If you're within the US, going to get in lots of trouble promoting the distribution of copyrighted material.
Originally Posted by brosis
Last time I checked within the US with a lawyer, merrily trying to watch your purchased copyrighted material was not against the law. Hence, it does go against the product license to try to break the encryption, but the seller did sell you the product with the intent of you watching correct? And is the owner of the material or the State going to complain as long as you're not exploiting the unencrypted material? However, distruting or profiting likely is, as you already mentioned. And merrily laying the unprotected copy aside for kids to access, justifies the "Ignorantia juris non excusat" or ignorance is not an excuse. (Hence, you can be guilty of distributing by carelessly leaving the unprotected media around the house with kids sharing with their friends.) Best to just refer people to lawyers if they have any questions when concerning what they can and cannot do with copyrighted material, or laws in general
However, as with most others, I & others tend to boycott the the Blu-ray industry or refrain from purchasing such items due to the overly zealous approach of copyrighting tactics. With DVD's, I never copied them unless the disk was damaged, which was rare if ever! Now with Blu-ray Movies, I have to copy every one and use makemkv in order to decrypt and watch. (This wastes hours of time, and incurs much frustration with my Linux operating system.) While in the process, I do make an unencrypted copy so I don't have to repeatedly perform this process over and over. A complete waste of mine and other innocent peoples' time! (Besides, it wastes energy to have to unencrypt media over and over, albeit little due to processors having hardware acceleration.)
Those keys were revoked for the past year or so. People can no longer watch Blu-ray movies on Linux for the past year or so. Makemkv is the only, and last option for Linux users for watching Blu-ray movies. (I just don't like doing anything in Windows, and find life much easier within a Linux based operating system.)
Originally Posted by Serafean
I absolutely do not understand why anyone bothers to even buy these discs.
If it's that hard to use them LEGALLY... what's the point?
Kind of ironic since the first Blu-Ray player was basically an Intel PC with a Blu-Ray drive running Linux and almost all Blu-Ray players since 2008 are running embedded Linux.
Sounds ironic, but it makes sense. The reason why you can't just watch Blu-ray movies on Linux is due to the usual case of OSS and DRM not living well together. To play back Blu-ray movies, VLC would have to buy a key from the Blu-ray consortium, and then not disclose the key to anyone – which kind of goes against the whole notion of an OSS video player. Even then, the consortium wouldn't give VLC the key until they implement the whole HDCP support (so it only plays the video if your graphics card, cable and monitor are all secure), making sure it can't be disabled (again, not possible in OSS). Meanwhile, the Linux-based Blu-ray players have custom proprietary software that was certified by the Blu-ray consortium.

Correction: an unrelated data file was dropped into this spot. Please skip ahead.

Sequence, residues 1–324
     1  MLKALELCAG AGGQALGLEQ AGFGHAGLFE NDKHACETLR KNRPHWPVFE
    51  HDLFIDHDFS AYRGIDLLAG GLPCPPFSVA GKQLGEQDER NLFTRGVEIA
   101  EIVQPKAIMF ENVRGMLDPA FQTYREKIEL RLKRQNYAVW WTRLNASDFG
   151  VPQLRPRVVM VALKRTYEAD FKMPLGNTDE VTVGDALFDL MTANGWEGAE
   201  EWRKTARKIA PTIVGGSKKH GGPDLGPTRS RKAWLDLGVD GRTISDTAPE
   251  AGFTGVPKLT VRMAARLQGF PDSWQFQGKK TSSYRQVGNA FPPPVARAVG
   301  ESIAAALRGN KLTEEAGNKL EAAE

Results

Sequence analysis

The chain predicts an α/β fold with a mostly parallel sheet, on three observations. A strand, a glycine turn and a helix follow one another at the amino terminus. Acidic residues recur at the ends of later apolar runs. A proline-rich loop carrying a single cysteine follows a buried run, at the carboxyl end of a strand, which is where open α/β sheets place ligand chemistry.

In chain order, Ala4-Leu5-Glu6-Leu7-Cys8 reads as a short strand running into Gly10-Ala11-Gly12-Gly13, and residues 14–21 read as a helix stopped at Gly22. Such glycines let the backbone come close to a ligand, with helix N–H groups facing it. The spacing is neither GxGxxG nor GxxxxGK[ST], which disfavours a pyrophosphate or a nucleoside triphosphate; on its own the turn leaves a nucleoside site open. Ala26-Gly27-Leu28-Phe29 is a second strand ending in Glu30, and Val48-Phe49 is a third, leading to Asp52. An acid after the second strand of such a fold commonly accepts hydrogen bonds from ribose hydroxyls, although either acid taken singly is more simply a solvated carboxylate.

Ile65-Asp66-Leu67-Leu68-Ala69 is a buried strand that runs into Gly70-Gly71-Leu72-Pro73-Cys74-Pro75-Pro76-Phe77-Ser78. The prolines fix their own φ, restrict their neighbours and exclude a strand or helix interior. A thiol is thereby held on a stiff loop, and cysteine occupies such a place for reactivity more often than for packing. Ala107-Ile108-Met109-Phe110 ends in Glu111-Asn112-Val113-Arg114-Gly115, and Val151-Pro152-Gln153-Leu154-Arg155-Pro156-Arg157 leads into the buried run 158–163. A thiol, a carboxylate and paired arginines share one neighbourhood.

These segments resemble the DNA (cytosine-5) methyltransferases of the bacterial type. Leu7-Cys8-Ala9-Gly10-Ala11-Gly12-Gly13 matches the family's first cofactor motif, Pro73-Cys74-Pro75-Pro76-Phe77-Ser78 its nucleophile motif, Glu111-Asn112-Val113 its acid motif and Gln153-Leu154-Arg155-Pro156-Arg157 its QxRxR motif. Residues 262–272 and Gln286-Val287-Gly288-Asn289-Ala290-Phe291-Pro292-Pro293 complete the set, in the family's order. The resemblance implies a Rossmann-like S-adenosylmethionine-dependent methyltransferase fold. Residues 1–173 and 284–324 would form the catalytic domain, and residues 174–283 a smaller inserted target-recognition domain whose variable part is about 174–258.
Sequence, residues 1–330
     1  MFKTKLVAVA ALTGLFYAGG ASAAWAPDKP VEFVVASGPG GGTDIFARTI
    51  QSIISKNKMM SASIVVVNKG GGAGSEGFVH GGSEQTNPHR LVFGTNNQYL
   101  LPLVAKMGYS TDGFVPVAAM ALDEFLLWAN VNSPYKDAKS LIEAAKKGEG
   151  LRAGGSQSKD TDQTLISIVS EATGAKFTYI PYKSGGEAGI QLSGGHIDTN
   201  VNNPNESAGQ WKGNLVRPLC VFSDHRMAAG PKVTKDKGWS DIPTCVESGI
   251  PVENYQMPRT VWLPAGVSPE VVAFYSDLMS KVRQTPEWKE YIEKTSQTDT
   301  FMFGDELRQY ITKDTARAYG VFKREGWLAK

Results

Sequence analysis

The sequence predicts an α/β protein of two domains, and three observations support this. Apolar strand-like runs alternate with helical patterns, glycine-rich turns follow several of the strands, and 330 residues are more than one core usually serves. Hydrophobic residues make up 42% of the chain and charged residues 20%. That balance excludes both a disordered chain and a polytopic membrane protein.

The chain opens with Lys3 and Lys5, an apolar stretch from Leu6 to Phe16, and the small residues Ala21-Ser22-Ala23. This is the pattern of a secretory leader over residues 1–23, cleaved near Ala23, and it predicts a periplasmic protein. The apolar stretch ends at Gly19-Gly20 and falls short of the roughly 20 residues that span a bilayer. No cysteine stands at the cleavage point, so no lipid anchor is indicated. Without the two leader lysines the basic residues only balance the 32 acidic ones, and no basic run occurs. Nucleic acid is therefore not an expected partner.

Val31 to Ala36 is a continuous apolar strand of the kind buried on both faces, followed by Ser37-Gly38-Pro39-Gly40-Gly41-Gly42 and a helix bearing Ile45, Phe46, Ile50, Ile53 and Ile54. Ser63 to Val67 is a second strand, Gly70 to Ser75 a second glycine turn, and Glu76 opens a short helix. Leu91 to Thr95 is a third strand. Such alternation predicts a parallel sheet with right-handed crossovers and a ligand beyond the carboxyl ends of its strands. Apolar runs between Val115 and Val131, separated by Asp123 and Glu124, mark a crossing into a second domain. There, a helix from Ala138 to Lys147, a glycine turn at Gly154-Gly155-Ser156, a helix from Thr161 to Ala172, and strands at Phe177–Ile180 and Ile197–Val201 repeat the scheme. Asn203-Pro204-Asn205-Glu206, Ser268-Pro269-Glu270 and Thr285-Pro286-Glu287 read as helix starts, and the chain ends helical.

Technically someone would be able to create a closed-source Linux application that implements all the DRM that the Blu-ray consortium requires, then buy a key from them, and then Linux users would be able to play Blu-ray movies. But nobody is interested, because users would view such software with suspicion, and they key costs quite a bit, I think.
I wouldn't even think of spending a cent on a video player to get bluray working. Really, why should I?
The point is, I want a OSS solution. I totally don't care about broken DRM. I want to crack the discs, I want to store the movie on my HDDs. I want to play them everywhere on every of my devices if I bought ther movie/whatever on bluray. And of course I want nto make backups because it is my right to do so.
Heck, every person in the world knows that DRM is antisocial overcapitalistic and sometimes(mostly?) even abusing crap.
But this is another story...
So either there is a good way to ignore it - like DVD with decss - or probably 99% of the linux world will ignore it.
But as I see, the solutions are on the way. Sooner or later it will work as it works with DVD.
Thank you all for your answers.
Pardon if it's a stupid question, but what is Makemkv doing differently?
Originally Posted by rogerx
Is it really working for all Blu-ray movies?
Sorry, I have no experience with all that...
I just read there is makemkv-libaacs package in Arch's AUR.
According to http://www.makemkv.com/forum2/viewtopic.php?f=3&t=7009 it transparently
decodes Blu-rays movies using makemkv and works with libbluray-based players.
Just gave makemkv-libaacs a try.
Installation from AUR was really simple in Arch.
Wow! What should I say, it works flawless so far.
It takes some time to load - I guess makemkv is doing its magic there - but from then on it works great.
As I said, I only have a rather new Blu-ray disc "Cloud Atlas" and a brand new one "The Hobbit" to test.
Both work great with mplayer and vlc.
makemkv-libaacs seems to be rather new.
So before giving up, make sure to give it a try first.
So, so far I understand there is already a way to play bluray in vlc just like dvds?
I can now slowly consider to get an bluray reader for my desktopcomputer or an external one.
From what I gather, in bluray, the DRM is embedded in the bluray disc players themselves - in the actual hardware.
This is Defective by Design on a whole new level.
So what we need is devices that can read blu-ray discs and bypass that whole DRM thingy. Or a way to modify existing bluray devices into such. So that we can just read the raw data on a blu-ray and rip it. Until that happens, bluray is pointless.